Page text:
On Wednesday, they started making those decisions with what was perhaps the easiest and most obvious one for a team to make when it falls short of expectations.
Fire the coach. Because, well, you can't replace all 23 players at once.
The Rangers announced that John Tortorella was relieved of his duties after four-and-a-half seasons on the job with general manager Glen Sather saying he hopes to have the position filled before the NHL draft in late June.
It's entirely possible, if not likely, that Tortorella's time in New York had run its course and that it was time for a new voice and a new approach.
But was the coach really all that was holding the Rangers back?
I still believe that if your team is in a position where it has to make a coaching change, it should also be fair to take a step back, examine the job being done by the general manager (in this case, Sather) and ask the same questions.
Sometimes it really is the coach, or the strategy, or the approach, and something needs to be done to maximize what's on the roster. But many times, a team that's firing its coach also probably isn't getting enough out of its front office. Sometimes a coach is only as good as the players that he has. After all, the general manager is the guy who's putting together the team that the coach has to work with.
Given the results in New York during Sather's tenure (starting in 2000), it's not unfair to ask some questions about the job that he has done.
Whenever Sather finds Tortorella's successor, it's going to be the seventh coaching change the Rangers have experienced during Sather's watch (including his own stint as an interim coach). That's a lot of turnover, even for the NHL, where coaches get changed as often as a pair of socks. Over that time, only five teams in the league have experienced more coaching changes: Columbus, Florida, Montreal, New Jersey and the New York Islanders.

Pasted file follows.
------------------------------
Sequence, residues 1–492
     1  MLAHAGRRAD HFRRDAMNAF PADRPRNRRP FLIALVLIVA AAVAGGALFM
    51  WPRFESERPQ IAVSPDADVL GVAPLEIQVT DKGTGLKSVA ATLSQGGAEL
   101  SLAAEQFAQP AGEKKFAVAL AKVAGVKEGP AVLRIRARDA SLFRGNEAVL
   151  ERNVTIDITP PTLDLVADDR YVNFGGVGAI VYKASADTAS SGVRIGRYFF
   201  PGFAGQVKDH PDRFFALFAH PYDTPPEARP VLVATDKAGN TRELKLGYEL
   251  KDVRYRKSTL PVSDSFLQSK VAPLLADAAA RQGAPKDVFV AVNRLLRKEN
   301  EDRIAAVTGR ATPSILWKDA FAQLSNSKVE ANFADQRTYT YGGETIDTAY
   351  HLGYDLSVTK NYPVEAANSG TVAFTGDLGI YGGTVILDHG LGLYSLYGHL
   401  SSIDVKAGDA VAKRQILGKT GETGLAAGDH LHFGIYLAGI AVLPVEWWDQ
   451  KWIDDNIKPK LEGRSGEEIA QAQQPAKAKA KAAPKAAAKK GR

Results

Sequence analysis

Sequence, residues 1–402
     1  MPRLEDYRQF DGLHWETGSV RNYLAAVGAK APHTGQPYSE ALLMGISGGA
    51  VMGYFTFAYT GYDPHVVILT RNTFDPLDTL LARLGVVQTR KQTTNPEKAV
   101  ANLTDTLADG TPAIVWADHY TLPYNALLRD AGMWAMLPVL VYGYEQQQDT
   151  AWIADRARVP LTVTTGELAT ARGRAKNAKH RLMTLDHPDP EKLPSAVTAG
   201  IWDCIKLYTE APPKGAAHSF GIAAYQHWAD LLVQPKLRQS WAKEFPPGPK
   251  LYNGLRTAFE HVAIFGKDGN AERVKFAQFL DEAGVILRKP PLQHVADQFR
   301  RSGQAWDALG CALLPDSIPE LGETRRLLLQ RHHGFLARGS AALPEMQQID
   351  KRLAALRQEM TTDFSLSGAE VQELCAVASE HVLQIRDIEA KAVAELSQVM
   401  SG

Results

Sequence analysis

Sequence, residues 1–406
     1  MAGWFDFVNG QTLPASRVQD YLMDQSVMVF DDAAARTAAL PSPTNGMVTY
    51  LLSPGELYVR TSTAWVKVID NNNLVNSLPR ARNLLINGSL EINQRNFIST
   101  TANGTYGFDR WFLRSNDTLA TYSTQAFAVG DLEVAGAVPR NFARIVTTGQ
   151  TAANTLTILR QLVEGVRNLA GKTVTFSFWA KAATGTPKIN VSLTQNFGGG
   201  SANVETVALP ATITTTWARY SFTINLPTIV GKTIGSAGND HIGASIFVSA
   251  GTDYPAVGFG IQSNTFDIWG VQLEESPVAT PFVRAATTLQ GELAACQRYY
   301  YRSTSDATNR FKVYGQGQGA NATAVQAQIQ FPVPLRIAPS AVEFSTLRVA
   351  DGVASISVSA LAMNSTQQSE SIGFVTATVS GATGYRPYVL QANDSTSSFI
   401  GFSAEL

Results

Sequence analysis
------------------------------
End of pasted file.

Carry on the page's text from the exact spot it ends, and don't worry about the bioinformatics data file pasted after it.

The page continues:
The results at Madison Square Garden have always been the same.
Coaches have come and gone. Players have been developed through the farm system, and new leaders emerged. Free agents have signed huge contracts and later been traded (and sometimes even bought out).
The one common denominator through all of it: The guy making the personnel decisions and putting together the roster.
Again, this isn't to say that a coaching change isn't needed in New York. It's just that a coaching change might not be the only change needed. Heck, you could probably make the argument that Tortorella did a better job during his time in New York than Sather has during his.
1.) In the Rangers' first eight years under Sather (and before Tortorella was hired), the Rangers missed the playoffs four times, made it to the second round only twice and never reached the Eastern Conference finals. In the full four years under Tortorella, the Rangers made the playoffs three times and made it to the second round twice (each of the past two years), including a trip to the conference finals last year. The only NHL coaches to reach the second round in 2012 and 2013 are Tortorella and Los Angeles' Daryl Sutter.
2.) Just because you're the general manager of a big-market team with a limitless supply of money doesn't mean you have to bid on -- and sign -- every big-name, big-money player who becomes available.
For the Rangers, that approach has resulted in a number of brutal contracts over the years, ranging from Bobby Holik to Wade Redden to Scott Gomez to Chris Drury and to the next one on the list, Brad Richards. Compile a list of the 10-worst contracts signed over the past 15 years and there's a good chance that at least three of those contracts are going to make nearly everyone's list. Rick Nash had a really strong debut season with the Rangers, but he, too, has a huge contract, and he's starting to get close to the age when goal-scorers start to decline (Nash's numbers had already been trending downward in Columbus for several years). Given that he's one of the 10 highest-paid players in the league and is signed for another five years, that contract, too, could become a problem.
Sather said on Wednesday that "every coach has a shelf life."
"I've told every guy that I've hired that, at some point in time, this is gonna change," Sather said. "Our goal is to win the Stanley Cup, and we didn't achieve that goal this year. I had to make the decision, so I did."
It's true. Every coach does have a shelf life.
The same is true for general managers.